Just a note for those who haven't experienced the modern military. Virtually everyone in my squadron drove to work, in their own car, even if they lived in the barracks and 20 other guys were going to work at the same time.

And if, at some point during the day, if we needed to go someplace like the aircrew training center or the firing range, we all drove our own cars.

And all we did when we were off duty was drove our cars around. In two years, I put 50,000 miles on my car while living less than a mile from where I worked.
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Old 02-09-08, 04:17 PM
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I wouldn't bring this up around most motorists, they might cut your head off (after all, there can be only one)!

In Des Moines there seems to be a pattern:
Residential zoning: 25mph
Residential zoning, arterial: 30mph
Commercial zoning, arterial: 35mph
Unused area: 40-45mph (depending on the road)

What makes no sense is that one in town interstate is 65 and the other is 55. Since everyone does 65 on both, it's not a big deal. Five years ago, before they redid the slower freeway the speed made sense: If you did 70 you'd have a hard time controlling your vehicle due to all the patches (bouncy bouncy).

Now I'm in Lincoln, NE. And the limits go up 5-10mph everywhere! The city has no freeway though, and you can cross the town (the long way) in about 20 minutes. Honestly, sharing the road with cars doing 40mph isn't that scary. It's the heaviness of the traffic that bugs me: Not being able to go a mile without causing a traffic jam behind me.
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Old 02-09-08, 04:18 PM
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Originally Posted by BarracksSi View Post
Less idiocy and lower traffic density leads to less traffic congestion. Proper civic planning helps, too.
Plagues help as well. (I'm kidding)
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Old 02-09-08, 07:04 PM
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Originally Posted by MrCjolsen View Post
How about designating certain roads such that any money generated from tickets goes right back into the budget of the local police department. I'll bet it would get enforced then.
Donut fund?
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Old 02-09-08, 07:07 PM
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Originally Posted by sauerwald View Post
Donut fund?
Heh...

Well, if people found out which roads were designated like that, they'd make sure that the cops couldn't afford any donuts at all.
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Old 02-10-08, 12:22 AM
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Originally Posted by San Rensho View Post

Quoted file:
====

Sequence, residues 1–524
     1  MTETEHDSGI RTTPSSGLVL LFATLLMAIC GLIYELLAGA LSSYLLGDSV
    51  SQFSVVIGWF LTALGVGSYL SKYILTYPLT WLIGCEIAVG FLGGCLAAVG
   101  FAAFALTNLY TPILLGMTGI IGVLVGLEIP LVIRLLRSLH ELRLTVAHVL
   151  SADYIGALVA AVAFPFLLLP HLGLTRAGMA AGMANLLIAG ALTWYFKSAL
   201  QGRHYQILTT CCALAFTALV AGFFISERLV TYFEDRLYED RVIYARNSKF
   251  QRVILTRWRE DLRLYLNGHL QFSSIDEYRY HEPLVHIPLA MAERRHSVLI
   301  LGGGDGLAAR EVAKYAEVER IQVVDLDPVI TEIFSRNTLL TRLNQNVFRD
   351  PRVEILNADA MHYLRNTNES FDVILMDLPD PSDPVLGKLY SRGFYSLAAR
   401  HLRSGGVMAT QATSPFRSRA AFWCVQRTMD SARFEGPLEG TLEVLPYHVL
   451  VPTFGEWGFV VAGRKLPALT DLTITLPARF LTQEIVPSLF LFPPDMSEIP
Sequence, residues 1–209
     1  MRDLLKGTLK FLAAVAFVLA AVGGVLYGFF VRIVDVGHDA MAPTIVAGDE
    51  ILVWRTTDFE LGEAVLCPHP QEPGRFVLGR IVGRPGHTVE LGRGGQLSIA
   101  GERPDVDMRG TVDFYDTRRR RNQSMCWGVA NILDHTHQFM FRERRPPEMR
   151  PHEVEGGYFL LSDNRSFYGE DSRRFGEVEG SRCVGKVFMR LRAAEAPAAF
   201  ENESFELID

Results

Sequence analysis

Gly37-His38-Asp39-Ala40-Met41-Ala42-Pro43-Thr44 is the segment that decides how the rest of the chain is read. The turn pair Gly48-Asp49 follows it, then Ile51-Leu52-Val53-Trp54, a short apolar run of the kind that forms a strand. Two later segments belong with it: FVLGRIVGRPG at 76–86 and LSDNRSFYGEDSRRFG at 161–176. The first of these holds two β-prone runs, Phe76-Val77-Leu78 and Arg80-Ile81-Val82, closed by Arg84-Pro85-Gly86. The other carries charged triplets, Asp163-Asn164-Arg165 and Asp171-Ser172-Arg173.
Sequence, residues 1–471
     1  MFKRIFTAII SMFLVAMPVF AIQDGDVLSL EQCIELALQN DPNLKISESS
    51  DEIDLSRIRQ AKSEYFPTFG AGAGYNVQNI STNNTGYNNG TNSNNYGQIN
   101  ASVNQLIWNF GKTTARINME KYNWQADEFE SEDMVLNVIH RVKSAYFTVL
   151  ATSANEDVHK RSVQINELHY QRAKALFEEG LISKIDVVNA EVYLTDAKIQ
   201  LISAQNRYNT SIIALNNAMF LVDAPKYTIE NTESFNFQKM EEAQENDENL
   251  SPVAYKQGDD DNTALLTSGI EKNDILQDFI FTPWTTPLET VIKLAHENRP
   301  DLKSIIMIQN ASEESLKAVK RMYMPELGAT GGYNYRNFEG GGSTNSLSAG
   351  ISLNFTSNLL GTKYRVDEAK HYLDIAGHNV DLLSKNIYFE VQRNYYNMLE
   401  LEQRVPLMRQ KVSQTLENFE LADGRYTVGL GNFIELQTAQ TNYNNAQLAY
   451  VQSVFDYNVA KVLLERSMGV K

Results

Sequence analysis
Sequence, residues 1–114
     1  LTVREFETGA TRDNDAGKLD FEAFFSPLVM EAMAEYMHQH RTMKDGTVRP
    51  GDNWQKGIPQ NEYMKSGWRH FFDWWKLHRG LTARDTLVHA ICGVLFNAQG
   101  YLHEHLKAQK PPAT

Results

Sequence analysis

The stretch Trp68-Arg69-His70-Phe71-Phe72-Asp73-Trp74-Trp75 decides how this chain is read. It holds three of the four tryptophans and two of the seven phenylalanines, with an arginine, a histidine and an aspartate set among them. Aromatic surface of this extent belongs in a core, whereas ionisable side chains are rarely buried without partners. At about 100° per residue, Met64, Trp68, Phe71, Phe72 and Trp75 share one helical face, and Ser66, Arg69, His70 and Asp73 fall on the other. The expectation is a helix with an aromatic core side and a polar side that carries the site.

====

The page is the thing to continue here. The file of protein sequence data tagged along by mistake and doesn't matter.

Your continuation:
........So one solution to keeping the speed at a certain level is to design roads that will naturally be driven at that speed. Enforcement will never happen, unless you live in Mayberry, RFD.


Road design doesn't seem to factor in to the equation to a lot of our town residents, to the point that Andy and Sam had to enlist the help from our state's highway patrol to beef up traffic enforcement. It reached a point that I felt more comfortable riding on a major aterial than a number of residential back streets.
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Old 02-10-08, 03:21 AM
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How about this idea.

Timed traffic signals. In downtown Sacramento, they work very well.
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Old 02-10-08, 03:58 AM
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Originally Posted by MrCjolsen View Post
And why are not all residential areas 20mph or less?
What I really love.

Rich upper-crust old person's gated neighborhood: Wide streets and comparatively inactive, their speed limit: 15mph.
Low cost housing on narrow twisting roads with kids running around: 35mph.

Funny that I'm WAY less likely to injure someone in the former.
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Old 02-10-08, 04:04 AM
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Originally Posted by BarracksSi View Post
Less idiocy and lower traffic density leads to less traffic congestion. Proper civic planning helps, too.
More a lack of understanding of how to best drive in traffic due to the fact that no one teaches them. There is so much inefficient technique in driver acceleration and deceleration rates combined with an inability to plan merging or other simple tasks that are more than 5 seconds away. Sure, some common sense and basic physics helps but I wouldn't call it idiocy.
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Old 02-10-08, 06:10 AM
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. . . seems to be a lot of old (mentally, at least) fuddy-duddies posting in this forum. Makes me wonder what your bike riding style must be . . . never over 10 mph or so . . . never know when you might have a blow-out and hit the ground.

Residentially, in my neck of the woods, speed alone rarely factors in as the main cause of accidents. Usually, it boils down to inattentiveness, failure to obey/yield, failure to control, especially in inclimate weather.